A request or even a demand for a bribe sometimes accompanies the uniform, he warns. There remain tremendous opportunities for forest companies and Canadian equipment companies looking to do business overseas, however. Ron Gillespie of Canadian Mill Equipment Sales in Vancouver, which sourced sawmill equipment for Tenneco, has sold sawmill equipment into Eastern Europe, Russia, the Pacific Rim countries and South America. “ I think there are huge opportunities for Canadian companies in different parts of the world,” he says. “Canadians can bring all kinds of expertise to a project.” Gillespie pointed to countries such as Romania, Hungary, the Ukraine and Russia, the latter home to a huge timber resource. “There is as much timber in Russia as there is in all of North America. And the mills that are handling the wood there are 30 or 40 years behind in technology.” He said Canadian companies have to work hard at developing contacts and markets in Russia. The Swedes and Germans, who are also keen to do business in Russia, have a geographical advantage in that they are so much closer. But Gillespie notes that overseas projects still represent risks. “A forest company could invest millions of dollars in Russia, only to see Boris Yeltsin get thrown out and that investment may not be recognized by the new government. It’s a bit like rolling the dice on an investment, but the returns can be substantial.” Substantial, but not through the roof. “A company might be able to make a return of 20 per cent versus a return of five per cent in North America,” he says. “If a company goes over there thinking they are going to make 100 times the profit they are making in North America, that’s foolish. That’s not going to happen.” Labour will be cheaper, as will timber. “But you will have other challenges that will increase the cost of doing business. It’s not going to be as efficient, production is not going to be as high.” As with any other project, the devil can be in the details, such as power supply. Gillespie noted that Tenneco’s Romania project included diesel generators as backup power for the mill. “Power supply in Romania can be inconsistent,” he says. “It can stop and you might not be sure if you are going to get power back in five minutes or five days.” Interested in overseas work? Do your homework.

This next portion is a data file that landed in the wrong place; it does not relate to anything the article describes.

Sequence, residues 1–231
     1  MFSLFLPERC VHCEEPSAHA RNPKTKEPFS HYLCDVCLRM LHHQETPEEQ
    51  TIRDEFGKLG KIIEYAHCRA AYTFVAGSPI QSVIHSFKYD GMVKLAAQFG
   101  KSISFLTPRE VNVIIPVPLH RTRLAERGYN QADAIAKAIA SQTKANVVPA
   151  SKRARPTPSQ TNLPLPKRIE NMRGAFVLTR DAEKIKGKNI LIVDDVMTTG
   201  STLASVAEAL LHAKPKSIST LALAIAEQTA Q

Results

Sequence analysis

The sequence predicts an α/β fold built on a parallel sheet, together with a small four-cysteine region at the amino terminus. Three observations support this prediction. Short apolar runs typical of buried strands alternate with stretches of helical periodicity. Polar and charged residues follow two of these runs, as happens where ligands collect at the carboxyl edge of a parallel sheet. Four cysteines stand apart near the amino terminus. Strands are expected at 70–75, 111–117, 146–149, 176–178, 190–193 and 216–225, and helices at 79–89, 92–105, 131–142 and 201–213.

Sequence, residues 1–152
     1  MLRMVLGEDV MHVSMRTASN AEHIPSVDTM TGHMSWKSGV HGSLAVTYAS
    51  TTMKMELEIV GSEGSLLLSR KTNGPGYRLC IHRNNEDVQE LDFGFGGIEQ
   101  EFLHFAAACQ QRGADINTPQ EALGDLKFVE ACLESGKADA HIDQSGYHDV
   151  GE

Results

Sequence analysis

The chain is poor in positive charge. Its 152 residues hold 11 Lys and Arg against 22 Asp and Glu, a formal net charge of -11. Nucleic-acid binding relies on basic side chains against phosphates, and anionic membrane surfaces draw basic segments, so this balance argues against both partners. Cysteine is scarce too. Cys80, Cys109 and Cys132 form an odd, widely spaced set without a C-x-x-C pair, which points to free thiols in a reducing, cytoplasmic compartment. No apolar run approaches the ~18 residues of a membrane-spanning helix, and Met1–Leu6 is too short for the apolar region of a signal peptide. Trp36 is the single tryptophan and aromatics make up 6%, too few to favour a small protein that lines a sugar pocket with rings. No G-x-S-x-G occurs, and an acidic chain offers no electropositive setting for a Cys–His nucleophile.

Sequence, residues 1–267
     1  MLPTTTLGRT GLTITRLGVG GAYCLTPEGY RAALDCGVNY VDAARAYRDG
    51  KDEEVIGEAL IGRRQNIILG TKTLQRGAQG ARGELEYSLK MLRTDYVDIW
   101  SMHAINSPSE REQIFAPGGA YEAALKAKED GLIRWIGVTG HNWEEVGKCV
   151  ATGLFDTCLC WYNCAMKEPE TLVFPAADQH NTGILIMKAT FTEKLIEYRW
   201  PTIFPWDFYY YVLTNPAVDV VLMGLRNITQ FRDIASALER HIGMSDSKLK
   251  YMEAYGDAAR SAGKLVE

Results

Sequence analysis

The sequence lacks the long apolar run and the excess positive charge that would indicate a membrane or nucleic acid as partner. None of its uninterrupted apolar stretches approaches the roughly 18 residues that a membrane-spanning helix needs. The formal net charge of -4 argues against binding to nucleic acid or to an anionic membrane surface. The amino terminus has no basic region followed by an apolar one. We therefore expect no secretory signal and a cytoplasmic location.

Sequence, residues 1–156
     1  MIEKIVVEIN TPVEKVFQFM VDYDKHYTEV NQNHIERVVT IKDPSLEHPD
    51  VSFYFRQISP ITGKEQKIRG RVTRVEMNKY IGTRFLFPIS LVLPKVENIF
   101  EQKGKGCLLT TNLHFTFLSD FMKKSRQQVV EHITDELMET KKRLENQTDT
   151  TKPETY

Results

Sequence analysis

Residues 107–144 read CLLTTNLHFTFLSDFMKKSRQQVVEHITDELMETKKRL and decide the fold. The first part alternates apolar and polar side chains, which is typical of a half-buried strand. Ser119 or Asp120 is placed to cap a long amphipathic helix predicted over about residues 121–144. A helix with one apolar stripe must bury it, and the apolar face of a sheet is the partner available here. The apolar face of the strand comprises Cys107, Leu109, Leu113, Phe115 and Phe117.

T he numbers for Tenneco’s operation in Buchin, Romania are impressive even by North American standards—the main sawmill building alone is a massive 45,000 square feet. Much of the used sawmill equipment for the mill was purchased in British Columbia and the United States. It was refurbished, with the company and suppliers building much of the associated conveyors and handling equipment on site. Prince George, BC-based Woodpro Engineering did the mechanical and structural work for the project. While the company has done work for projects in New Zealand and China, this was its first in eastern Europe. “There were a lot of hurdles to pull it all together,” says company president John Rasmussen. “But it was an exciting project, with lots of different aspects to it.” The $60-million (US) operation in Romania has three main components—the sawmill, reman plant, and veneer plant. Sawmill “A” is equipped with an L-M deck chain saw, a 158-centimetre diameter Brunette ring debarker and an Albany eight-foot headrig with a three-knee carriage, complete with Inovec scanning, that takes up to a 150-centimetre diameter log. This is followed by a Powell gang edger and block edger and a Powell board edger. The “B” line has a swing cut off saw, a VK 800 84-centimetre diameter ring debarker, an A K Eriksson 1600 quad band saw and includes a Schrurman edger and Powell board edger.

This line takes the custom cut lumber with wane, about 200 cubic metres of it on an average day, and square edges it. It includes an extensive Valley trimmer system and two Flare Machinery 48 inch resaws. Lumber is produced in thicknesses up to 150 millimetres, widths up to 300 millimetres and lengths up to three metres. The operation has 10 Nardi dry kilns, each with a capacity of 250 cubic metres, with boilers on site using waste wood to produce steam. The reman plant, adjacent to the sawmill, is 1,200 feet long by 150 feet wide. It has a production capacity of 12,000 cubic metres of laminated hardwood panels and 7,000 cubic metres of hardwood flooring per year. It is equipped with six Weinig moulding machines, two RF presses, two Industrial Woodworking finger joiners, two fully automatic SCM panel saws and two Comil shrink wrap machines. The veneer plant, built on the end of the reman plant, is 275 feet long by 150 feet wide and has a capacity of 2,900 cubic metres per year. The veneer plant started with one Marunaka slicer and recently took delivery of a second unit. Servicing all this equipment is a 9,000 square feet maintenance shop. “We’re very proud of our complex and what we’ve been able to accomplish,” says Shawn Kelly, the operation’s general manager. “I don’t think there is a complex this large anywhere else in Europe.” Tenneco Mill is a Massive Deal.